"About source code Version
also, look at the Version 2.0x User's guide page.
(For info about Version 1.0x, go here)
This page is updated as the software evolves: Check back again occasionally...
What is on this page:
NOTE: The section Software Reliability was added on 28 February, 2001. Please read this (and its references) if you plan to use this for generating telemetry where the transmitter may be "out of reach."
As of 7 November, 2000, the software was updated to greatly improve intermod readings. Go here for more details.
This page gives a brief overview of the internal workings of the source code, as well as some of the (il)logic behind its design and implementation. Links to the source code are also provided. A .HEX file also included for those who do not have a C compiler but wish to program their own processor.
(And yes, this page does look suspiciously like the one for describing version 1.0.)
A few words about the source code:
The discussion of Version 1.0 may be found here.
The source code for this is written in a combination of assembly and C (using the CCS PICC compiler.) I have used this compiler for several years now and have found that, once mastered, it can produce very efficient code that rivals hand-tweaked assembly- but, when faced with the need for optimum speed and compactness, I will sometimes insert assembly. This code, however, wasn't excessively tweaked: It has been written more for readability than efficiency.
As mentioned above, it is compiled with the CCS "PCW" C compiler (their web page may be found at ccsinfo.com) but even if you don't have the compiler, the source code should provide insight as to how it all works.
There are TWO versions of the source code - Version 1.0x is discussed here:
Just below the "documentation commentary" at the beginning of the source file is a definition of a constant named "16C84". If this variable is defined (i.e. the comments at the beginning of that line of code are removed) then code appropriate for use with a PIC16C84 is generated. If the "16C84" variable is undefined then code for the PIC16F84 is generated.
The source code for the PIC-based PSK31 transmitter controller consists of two source code files: The main body of the source code, and a header file called "varicode.h" that contains the bit patterns for the varicode words. The "varicode.h" file is the same for the two version Note that only bytes 0-127 are supported in this implementation (but it would be very easy to expand that to the full 256 byte set if one accepted the penalty of additional ROM usage.)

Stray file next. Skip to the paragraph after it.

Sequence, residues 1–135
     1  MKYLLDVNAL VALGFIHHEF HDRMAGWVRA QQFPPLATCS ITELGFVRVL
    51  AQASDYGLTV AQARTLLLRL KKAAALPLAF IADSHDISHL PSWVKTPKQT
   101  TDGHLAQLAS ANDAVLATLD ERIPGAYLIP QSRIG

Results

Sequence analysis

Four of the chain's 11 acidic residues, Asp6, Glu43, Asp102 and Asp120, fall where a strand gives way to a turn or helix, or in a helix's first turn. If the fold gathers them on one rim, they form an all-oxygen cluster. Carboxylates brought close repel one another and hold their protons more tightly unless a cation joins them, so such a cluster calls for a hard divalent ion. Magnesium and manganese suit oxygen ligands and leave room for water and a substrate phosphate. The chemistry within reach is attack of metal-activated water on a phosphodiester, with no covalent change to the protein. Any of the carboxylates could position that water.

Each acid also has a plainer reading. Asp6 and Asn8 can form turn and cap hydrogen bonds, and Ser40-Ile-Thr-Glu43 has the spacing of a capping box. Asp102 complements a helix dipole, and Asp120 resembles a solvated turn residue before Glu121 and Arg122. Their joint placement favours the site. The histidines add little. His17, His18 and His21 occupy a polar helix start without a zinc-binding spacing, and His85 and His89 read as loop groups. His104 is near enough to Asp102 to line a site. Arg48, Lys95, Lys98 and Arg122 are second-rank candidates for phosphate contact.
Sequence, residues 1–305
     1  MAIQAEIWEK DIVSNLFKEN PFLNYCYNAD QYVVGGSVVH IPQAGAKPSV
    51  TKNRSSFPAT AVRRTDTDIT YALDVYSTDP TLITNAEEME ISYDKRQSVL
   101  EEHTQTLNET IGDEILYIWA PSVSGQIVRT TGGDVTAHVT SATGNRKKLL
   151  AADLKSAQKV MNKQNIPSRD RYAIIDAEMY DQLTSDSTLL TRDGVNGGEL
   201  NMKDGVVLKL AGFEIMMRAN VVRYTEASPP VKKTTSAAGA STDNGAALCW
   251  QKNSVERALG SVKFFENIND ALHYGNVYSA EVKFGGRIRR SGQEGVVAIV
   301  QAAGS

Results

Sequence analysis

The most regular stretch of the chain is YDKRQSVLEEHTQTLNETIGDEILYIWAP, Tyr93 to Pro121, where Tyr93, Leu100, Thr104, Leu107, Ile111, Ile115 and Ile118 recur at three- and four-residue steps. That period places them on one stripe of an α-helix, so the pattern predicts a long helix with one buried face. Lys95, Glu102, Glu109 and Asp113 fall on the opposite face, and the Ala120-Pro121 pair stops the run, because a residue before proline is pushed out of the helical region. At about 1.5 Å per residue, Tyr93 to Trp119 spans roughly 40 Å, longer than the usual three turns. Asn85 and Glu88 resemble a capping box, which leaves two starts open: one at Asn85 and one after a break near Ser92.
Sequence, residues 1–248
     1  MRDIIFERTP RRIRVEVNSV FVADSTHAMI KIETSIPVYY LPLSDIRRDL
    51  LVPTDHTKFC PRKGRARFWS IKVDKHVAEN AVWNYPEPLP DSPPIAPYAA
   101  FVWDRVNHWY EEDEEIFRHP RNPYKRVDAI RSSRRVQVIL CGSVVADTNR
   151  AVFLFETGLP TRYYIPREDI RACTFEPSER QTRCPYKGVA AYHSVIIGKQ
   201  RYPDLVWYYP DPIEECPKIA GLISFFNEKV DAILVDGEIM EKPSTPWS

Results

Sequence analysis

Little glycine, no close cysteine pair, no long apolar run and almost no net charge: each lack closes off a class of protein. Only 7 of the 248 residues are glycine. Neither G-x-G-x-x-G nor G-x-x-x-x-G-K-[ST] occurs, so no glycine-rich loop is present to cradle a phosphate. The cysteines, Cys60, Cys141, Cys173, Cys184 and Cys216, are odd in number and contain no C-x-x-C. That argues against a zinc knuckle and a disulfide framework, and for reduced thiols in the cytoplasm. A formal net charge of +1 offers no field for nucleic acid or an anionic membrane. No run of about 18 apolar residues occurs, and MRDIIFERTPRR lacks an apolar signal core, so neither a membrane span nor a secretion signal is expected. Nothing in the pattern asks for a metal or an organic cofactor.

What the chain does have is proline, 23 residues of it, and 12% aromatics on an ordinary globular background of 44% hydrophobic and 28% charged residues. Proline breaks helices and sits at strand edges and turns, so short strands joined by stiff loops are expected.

As with most any C program, one declares variables near the top of the code: This is no different. As a quick note, "byte" variables are the same as "unsigned char" which are the same is "char" variables (i.e. there are no signed variables) while "bit" and "short" (both identical) represent a single bit of memory. In the case of either bits or bytes, either RAM or Program registers (the same thing on the PIC...) may be represented. In addition to definitions, there are various constants, masks, and hardware settings.
Also defined are tables containing the modulation waveforms. In this case, there are two tables: sintbl (really a "cosine" table) holds half a cosine wave and the pw_sine contains one entire cycle of a cosine waveform.
At this point, it is worth mentioning that PB3 (pin 9 on the PIC) outputs a logic signal representing the current phase of the varicode. While the original purpose of this signal was for debugging, it was left intact in the event one wished to generate the BPSK modulation envelope by another means (i.e. not using the PWM routine, etc.) It is also useful for generating FSK31, as this signal need only be applied to a frequency-shift network. An example of such an application may be found here. This signal is present in both "Balance Modulator" and "AM" modes.
The Interrupt Service Routine (ISR):
The ISR operates only during transmission of data: It is disabled during serial port operation.